The amazing thing about Yoga is, for all its fitness benefits, it’s also restorative.  Many elite athletes and trainers have incorporated regular Yoga into their fitness training because it helps restore flexibility, speeds muscle recovery, reduces stress and helps prevent injury.  If you haven’t incorporated Yoga into your training, you are missing out on an amazingly fruitful fitness resource.

Sources

Article written by JAMES A. RAUB, M.S. for the THE JOURNAL OF ALTERNATIVE AND COMPLEMENTARY MEDICINE

CARDIOPULMONARY STATUS: EFFECTS OF HATHA YOGA ON LUNG FUNCTION AND OVERALL CARDIOVASCULAR ENDURANCE IN HEALTHY ADULTS

1) “For example, Joshi et al. (1992) followed lung function in 75 males and females with an average age of 18.5 years during yoga breath-control exercises. After 6 weeks of practice, they reported significant increases in forced vital capacity (FVC), forced expiratory volume in 1 second (FEV1), peak expiratory flow rate (PEFR), maximum voluntary ventilation (MVV), as well as a significant decrease in breathing frequency (fB), and prolongation of breath-holding time.”

2) “Rai and Ram (1993) compared an active Hatha Yoga posture (Virasana or Warrior pose) to chair-sitting and to a resting, supine posture (Savasana) in 10 healthy men, 25 to 37 years of age. The active posture induced a hypermetabolic state, as indicated by increased minute ventilation, heart rate (HR), and oxygen consumption (V.O2), compared to either the chair-sitting or resting posture. In a similar study, the same authors (Rai et al., 1994) compared an active sitting posture (Siddhasana) to chair-sitting and supine relaxation and found the same results, indicating that the yoga “activity” and not the body “posture” was important for cardiovascular “conditioning.””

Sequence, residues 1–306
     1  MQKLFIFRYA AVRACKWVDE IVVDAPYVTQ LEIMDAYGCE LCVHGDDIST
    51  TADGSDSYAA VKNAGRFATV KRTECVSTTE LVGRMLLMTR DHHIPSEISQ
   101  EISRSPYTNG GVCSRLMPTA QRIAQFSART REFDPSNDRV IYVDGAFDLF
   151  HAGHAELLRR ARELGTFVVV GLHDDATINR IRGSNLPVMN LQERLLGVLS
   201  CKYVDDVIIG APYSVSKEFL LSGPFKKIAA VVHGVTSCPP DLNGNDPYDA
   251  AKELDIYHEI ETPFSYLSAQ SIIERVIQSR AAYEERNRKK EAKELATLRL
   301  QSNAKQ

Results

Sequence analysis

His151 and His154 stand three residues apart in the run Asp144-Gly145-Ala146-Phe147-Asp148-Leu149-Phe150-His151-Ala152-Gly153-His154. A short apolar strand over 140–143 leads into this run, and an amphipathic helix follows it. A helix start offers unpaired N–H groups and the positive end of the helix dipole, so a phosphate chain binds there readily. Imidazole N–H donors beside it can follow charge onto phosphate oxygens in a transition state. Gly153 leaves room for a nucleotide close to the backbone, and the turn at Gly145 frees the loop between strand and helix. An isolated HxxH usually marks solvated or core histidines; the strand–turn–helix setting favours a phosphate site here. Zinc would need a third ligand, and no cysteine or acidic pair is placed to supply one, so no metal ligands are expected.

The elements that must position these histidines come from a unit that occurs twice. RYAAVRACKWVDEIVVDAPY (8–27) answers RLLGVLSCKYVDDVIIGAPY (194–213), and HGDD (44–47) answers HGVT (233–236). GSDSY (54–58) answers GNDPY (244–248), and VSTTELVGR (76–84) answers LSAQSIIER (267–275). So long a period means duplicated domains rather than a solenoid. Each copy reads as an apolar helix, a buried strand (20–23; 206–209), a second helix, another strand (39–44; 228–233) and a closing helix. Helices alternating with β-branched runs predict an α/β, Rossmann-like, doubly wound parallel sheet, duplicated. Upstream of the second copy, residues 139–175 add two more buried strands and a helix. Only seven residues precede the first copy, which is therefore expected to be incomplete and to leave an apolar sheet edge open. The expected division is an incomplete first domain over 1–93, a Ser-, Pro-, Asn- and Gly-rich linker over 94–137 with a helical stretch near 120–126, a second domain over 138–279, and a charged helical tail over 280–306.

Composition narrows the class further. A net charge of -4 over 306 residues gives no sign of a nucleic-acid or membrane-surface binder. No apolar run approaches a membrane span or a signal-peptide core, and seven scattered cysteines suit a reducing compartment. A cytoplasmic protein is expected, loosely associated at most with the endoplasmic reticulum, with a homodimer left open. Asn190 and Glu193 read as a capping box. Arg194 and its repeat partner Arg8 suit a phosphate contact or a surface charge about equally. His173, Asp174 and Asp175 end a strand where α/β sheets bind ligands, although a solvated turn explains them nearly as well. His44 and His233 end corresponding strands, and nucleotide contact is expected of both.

3) “Telles et al. (2000) reported that a combination of yoga postures interspersed with relaxation improved measures of cardiopulmonary status in 40 male volunteers to a greater degree than relaxation alone. Cyclic meditation (stimulation plus calming), consisting of yoga postures and periods of supine relaxation, was better at decreasing V.O2 and fB, and increasing tidal volume than sessions of Savasana (calming) alone. Konar et al. (2000) reported that the practice of Sarvangasana (shoulder stand) twice daily for 2 weeks significantly reduced resting HR and left ventricular end-diastolic volume in 8 healthy male subjects. Birkel and Edgren (2000) reported that yoga postures, breath control, and relaxation techniques taught to 287 college students (89 men and 198 women) in two 50-minute class meetings for 15 weeks significantly improved FVC of the lungs measured by spirometry. In a similar study, 1 hour of yoga practice each day for 12 weeks significantly improved FVC, FEV1, and PEFR in 60 healthy young women, 17 to 28 years of age (Yadav and Das, 2001).”

4) “Finally, a number of published studies have reported significant improvement in overall cardiovascular endurance of young subjects who were given varying periods of yoga training (months to years) and compared to a similar group who performed other types of exercise.”

Going the Distance By Nancy Coulter-Parker

Using Yoga To Prevent Injuries And Accelerate Recovery By Sabrina Grotewold Published Feb. 28, 2012

Dave Creech

http://www.WildernessDave.com

…Life, Love and Adventure from an Arizona Hiker…